John Wesley Powell's original map of western watershed areas.
John Wesley Powell's original map of western watershed areas.

Ryan Zinke’s Watershed Plan Is 140 Years Too Late

The interior secretary's idea to organize public land by watershed was a great idea when it was first voiced a century and a half ago. But it won't work today.

John Wesley Powell's original map of western watershed areas.

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Ryan Zinke has a fondness for military men. (Have you heard he admires Teddy Roosevelt? Did you know he was a Navy SEAL?)

The latest object of the interior secretary’s affection is John Wesley Powell. A Civil War veteran who lost his right arm at the Battle of Shiloh, Powell is best known as a geologist and geographer who led expeditions in the American Southwest, including the first documented float down Grand Canyon. Those travels inspired Powell, in an 1878 report, to recommend the West be settled in a fashion that would organize the desiccated territory by watershed. Doing so, he argued, would make for a more collaborative and ecologically sound way of managing resources, especially in a region where the most precious resource is water. “Years of drought and famine come and years of flood and famine come,” Powell once wrote, “and the climate is not changed with dance, libation, or prayer.”

One hundred forty years later, the secretary of America’s most sprawling bureaucracy has decided Powell was on to something. Zinke recently unveiled an intention to reorganize the Interior Department’s 70,000 employees and 12 agencies into 13 zones dictated not by state lines but by watershed and basin.

“Taking inspiration from Powell’s concept of watersheds,” Zinke said in a video, “we’re looking at reshaping our current bureau-based regional system of management and moving to a system based on ecosystems, watersheds, and science.” Consistent with his desire to remake Interior in the image of the military, Zinke’s idea is a mishmash of Powell’s ideas and the “joint management agency” concept utilized by the armed forces. Zinke is pitching the reorganization as a way to streamline the Interior Department’s myriad agencies by aligning their missions and goals by geography.

“Intellectually, the idea of organizing more in terms of the landscape in the West—that works,” says John Freemuth, executive director of the Cecil D. Andrus Center for Public Policy at Boise State University. “But the devil is in the details. The damage that could be done to relationships and how agencies do business, that doesn’t look like it’s been well thought out yet.”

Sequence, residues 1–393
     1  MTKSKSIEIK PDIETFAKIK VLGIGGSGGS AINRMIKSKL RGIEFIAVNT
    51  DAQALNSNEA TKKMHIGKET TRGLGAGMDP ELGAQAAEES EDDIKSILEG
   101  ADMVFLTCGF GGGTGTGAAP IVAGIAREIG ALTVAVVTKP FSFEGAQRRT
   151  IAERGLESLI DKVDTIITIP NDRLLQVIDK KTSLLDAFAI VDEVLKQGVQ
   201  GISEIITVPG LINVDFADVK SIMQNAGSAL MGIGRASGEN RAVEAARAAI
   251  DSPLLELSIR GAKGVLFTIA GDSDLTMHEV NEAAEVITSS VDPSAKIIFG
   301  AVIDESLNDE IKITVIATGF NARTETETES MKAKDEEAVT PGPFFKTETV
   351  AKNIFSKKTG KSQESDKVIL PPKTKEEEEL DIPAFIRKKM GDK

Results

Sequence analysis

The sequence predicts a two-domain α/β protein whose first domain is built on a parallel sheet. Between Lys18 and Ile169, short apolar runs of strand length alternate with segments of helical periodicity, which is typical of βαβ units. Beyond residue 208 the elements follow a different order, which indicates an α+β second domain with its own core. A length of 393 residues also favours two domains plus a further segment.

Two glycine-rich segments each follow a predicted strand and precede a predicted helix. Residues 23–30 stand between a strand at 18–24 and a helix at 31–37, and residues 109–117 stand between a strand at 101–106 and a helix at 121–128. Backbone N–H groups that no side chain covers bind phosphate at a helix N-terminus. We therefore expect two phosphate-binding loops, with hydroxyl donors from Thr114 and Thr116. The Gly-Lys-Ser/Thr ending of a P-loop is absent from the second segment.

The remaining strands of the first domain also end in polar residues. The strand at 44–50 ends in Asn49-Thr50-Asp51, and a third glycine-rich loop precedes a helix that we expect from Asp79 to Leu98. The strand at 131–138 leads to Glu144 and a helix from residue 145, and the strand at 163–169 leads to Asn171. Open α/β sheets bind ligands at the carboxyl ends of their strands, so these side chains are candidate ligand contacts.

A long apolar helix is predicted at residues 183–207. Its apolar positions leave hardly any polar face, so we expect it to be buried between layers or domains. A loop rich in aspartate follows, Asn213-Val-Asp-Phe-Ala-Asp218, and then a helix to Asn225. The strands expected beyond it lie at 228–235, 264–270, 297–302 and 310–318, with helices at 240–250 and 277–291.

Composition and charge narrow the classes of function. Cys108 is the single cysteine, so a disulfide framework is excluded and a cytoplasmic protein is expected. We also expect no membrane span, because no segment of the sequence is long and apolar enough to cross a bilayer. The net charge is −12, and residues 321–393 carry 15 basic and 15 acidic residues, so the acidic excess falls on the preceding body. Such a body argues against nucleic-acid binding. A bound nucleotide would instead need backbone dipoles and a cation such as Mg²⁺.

From a resource management perspective, Zinke is wise to seek Powell’s guidance. Water is the defining resource in the West. Save for mountain ranges and the Pacific Northwest, nowhere west of the Texas Panhandle gets more than 20 inches of precipitation a year. Powell sought settlement patterns in which water, timber, and other resources would be managed in a collective fashion for the benefit of communities instead of companies—and profit.

“For Powell, the water would not be taken out of the watershed or out of the basin and transferred across mountains…hundreds of miles away to allow urban growth to take place,” Donald Worster, a Powell biographer, told NPR in 2003. “So L.A., if it existed at all, would have been a much, much smaller entity. Salt Lake City would be smaller. Phoenix would probably not even exist.”

Alas, this Phoenix-free land of sensible management never emerged. The West today is one of the most heavily engineered landscapes on earth, where water is pumped over and through mountain ranges, and alfalfa is grown in deserts. Overseeing all of it is Zinke’s sprawling department, whose new reorganization efforts many say are misguided and futile.